Developing for Composition

Mike Dean
BBN Technologies / GTE Internetworking
1827 S. Liberty Dr.
Liberty Lake, WA 99019
(509) 255-5935

OMG-DARPA-MCC Workshop on Compositional Software Architectures
Monterey, CA
January, 1998


A traditional view of component-based software architectures consists of two tiers: a set of reusable component building blocks, and a set of application servers which use them. This view is ineffective, as any of the application servers may themselves be specialized, adding to the component base. This position paper uses 3 examples to discuss some of the motivations and techniques for building servers with such specialization in mind.

Plan Server Example

The JTF/AITS Reference Architecture which forms the basis of the DARPA JTF ATD project, leads one to think about a single Plan Server among its core set of services and servers. The Plan Server provides persistent storage of plan objects defined using a common schema, and supports operations upon them.

In actual use, we've found that projects using the Plan Server will often need to extend the common schema and may wish to add their own behaviors on new and existing objects. Absent facilities for mobile code and/or dynamic composition (which would likely incur significant performance penalties even if available) this implies that each such project will need to develop its own specialization of the Plan Server.

We're currently in the process of adapting the JTF ATD Plan Server so that it can be easily specialized, by adapting some of the packaging techniques we've developed for the Web Services and finec2 components used by the Plan Server. These include making server implementation (skeleton) classes visible and packaging code in libraries that can be linked into specializers.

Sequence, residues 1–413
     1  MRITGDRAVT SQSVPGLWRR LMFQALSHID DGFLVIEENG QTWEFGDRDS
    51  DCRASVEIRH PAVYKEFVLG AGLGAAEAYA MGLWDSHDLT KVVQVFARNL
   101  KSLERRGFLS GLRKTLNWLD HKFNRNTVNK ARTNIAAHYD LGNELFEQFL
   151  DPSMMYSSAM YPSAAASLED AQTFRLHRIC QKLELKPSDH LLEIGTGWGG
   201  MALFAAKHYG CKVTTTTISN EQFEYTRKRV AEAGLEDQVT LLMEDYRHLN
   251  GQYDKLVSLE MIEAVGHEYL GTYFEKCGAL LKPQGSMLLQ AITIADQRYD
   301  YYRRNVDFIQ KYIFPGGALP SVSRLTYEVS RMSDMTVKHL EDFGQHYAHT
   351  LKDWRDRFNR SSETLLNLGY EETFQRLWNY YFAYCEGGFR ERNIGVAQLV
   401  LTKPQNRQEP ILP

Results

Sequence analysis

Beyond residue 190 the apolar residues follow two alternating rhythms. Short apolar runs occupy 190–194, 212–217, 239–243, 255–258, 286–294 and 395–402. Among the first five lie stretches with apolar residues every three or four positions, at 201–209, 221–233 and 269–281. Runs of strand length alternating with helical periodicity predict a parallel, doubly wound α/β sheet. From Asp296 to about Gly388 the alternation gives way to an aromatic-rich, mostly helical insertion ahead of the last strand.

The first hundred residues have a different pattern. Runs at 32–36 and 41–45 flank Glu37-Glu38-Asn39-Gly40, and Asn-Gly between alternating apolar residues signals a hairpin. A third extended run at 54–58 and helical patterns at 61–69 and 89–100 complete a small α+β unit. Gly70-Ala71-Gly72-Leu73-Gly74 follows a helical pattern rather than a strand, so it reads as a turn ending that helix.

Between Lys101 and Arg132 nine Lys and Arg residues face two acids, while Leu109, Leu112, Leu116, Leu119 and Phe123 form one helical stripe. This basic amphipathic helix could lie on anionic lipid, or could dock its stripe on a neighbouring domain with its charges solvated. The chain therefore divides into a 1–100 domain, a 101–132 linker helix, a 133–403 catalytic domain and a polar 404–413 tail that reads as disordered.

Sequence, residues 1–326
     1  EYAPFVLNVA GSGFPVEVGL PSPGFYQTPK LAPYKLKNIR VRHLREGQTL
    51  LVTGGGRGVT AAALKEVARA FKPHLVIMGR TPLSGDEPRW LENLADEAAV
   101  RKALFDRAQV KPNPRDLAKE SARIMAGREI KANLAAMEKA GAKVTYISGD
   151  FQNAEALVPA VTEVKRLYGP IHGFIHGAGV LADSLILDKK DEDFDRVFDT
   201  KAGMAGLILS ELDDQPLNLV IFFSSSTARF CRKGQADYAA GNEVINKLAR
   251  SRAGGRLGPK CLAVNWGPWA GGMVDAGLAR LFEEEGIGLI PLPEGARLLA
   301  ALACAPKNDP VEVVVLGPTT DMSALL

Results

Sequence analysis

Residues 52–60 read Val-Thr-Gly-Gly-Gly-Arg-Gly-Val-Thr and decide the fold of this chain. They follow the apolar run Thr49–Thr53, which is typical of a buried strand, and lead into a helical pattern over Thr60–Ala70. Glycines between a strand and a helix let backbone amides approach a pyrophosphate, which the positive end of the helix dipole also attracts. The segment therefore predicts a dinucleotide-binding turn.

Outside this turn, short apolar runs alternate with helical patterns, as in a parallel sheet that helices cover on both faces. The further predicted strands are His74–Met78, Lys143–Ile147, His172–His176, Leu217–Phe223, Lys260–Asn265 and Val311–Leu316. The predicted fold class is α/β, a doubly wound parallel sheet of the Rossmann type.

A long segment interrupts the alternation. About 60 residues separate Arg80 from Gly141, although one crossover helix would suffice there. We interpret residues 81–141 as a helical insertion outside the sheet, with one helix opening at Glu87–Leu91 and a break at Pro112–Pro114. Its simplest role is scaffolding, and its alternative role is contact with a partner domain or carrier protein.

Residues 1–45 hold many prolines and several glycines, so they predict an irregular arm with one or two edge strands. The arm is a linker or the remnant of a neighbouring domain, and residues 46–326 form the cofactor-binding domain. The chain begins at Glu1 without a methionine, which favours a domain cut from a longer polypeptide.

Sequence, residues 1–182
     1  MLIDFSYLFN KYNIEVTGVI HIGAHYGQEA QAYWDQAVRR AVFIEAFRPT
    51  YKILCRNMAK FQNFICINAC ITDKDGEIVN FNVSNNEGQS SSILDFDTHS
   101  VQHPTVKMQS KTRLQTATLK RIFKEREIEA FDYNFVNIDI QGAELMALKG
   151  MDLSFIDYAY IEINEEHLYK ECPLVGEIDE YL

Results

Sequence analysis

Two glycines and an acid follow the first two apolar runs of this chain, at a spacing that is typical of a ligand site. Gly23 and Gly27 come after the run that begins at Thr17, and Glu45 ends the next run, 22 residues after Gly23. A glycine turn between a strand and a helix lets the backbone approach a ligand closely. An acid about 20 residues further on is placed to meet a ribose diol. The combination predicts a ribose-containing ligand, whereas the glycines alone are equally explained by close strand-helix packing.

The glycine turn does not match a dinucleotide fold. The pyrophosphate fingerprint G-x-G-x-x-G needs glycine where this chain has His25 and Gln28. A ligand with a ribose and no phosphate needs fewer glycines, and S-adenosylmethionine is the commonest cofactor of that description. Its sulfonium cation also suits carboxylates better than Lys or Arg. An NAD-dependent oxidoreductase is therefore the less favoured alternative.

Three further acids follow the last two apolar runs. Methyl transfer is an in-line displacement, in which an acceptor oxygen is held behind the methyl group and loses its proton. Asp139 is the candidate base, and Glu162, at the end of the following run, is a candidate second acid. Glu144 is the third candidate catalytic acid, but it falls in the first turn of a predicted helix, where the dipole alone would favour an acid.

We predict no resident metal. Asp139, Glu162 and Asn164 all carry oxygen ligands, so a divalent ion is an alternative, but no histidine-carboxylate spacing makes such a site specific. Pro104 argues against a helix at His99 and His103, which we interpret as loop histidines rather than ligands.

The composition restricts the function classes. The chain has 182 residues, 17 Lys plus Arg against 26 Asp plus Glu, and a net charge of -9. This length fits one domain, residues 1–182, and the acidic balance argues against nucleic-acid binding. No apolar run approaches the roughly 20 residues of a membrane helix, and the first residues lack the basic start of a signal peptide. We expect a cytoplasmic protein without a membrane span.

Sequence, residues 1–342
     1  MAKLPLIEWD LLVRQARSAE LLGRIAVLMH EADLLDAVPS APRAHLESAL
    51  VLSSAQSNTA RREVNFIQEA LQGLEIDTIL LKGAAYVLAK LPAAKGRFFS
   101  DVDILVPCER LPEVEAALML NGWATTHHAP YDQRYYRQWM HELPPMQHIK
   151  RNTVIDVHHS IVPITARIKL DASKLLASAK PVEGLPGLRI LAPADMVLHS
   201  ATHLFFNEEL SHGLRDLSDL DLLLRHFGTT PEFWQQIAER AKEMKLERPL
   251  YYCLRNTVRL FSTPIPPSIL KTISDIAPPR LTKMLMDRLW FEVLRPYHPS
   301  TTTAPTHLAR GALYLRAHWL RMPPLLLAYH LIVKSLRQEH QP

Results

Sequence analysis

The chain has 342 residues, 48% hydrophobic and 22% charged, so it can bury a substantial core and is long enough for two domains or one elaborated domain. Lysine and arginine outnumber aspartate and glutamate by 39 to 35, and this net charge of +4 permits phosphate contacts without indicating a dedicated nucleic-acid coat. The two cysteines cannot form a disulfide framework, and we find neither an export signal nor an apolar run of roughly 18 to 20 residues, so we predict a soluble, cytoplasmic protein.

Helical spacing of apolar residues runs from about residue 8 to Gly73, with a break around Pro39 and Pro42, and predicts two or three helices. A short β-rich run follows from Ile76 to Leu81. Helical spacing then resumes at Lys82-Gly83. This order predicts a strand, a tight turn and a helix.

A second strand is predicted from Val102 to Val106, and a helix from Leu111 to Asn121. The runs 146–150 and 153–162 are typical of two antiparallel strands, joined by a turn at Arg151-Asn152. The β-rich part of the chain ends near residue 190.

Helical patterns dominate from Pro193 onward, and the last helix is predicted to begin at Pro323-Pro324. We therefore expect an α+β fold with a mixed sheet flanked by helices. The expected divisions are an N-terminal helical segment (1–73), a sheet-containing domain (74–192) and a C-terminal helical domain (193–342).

Project-specific specialization of the Plan Server also allows greater flexibility in selecting among the set of Object Services components (consisting of CORBAservices and specializations, plus our own services for persistence and replication) that are becoming a major emphasis in the JTF ATD project.

Naming Example

The CORBA Naming Service provides the ability to associate symbolic names with CORBA object references. Implementations of the Naming Service are currently available from several ORB vendors including Iona (Orbix) and Visigenic (VisiBroker). However, the C++ implementations are packaged as standalone server executables, rather than as libraries suitable for specialization.

Examples motivating specialization of the Name Service come from the development and use of the Cronus distributed computing environment, an object-oriented distributed computing infrastructure that predates CORBA. Names and other identifiers are often very intrinsic properties of objects (e.g. names and Social Security Numbers of people, or hull numbers of ships) that are too important to leave as external associations, but extremely valuable catalog keys. A mount point mechanism was added to the Cronus Catalog Manager (the equivalent of the CORBA Naming Service) to allow a server to present its internally-maintained namespaces as a read-only catalog directory. This could be done in CORBA by having the server implement the CosNaming::NamingContext interface. It may be helpful in implementing this interface, however, if the internal support routines (e.g. facilities for manipulating compound Names, and the implementation of BindingIterator) used to build the Naming Service itself were available.

Events Example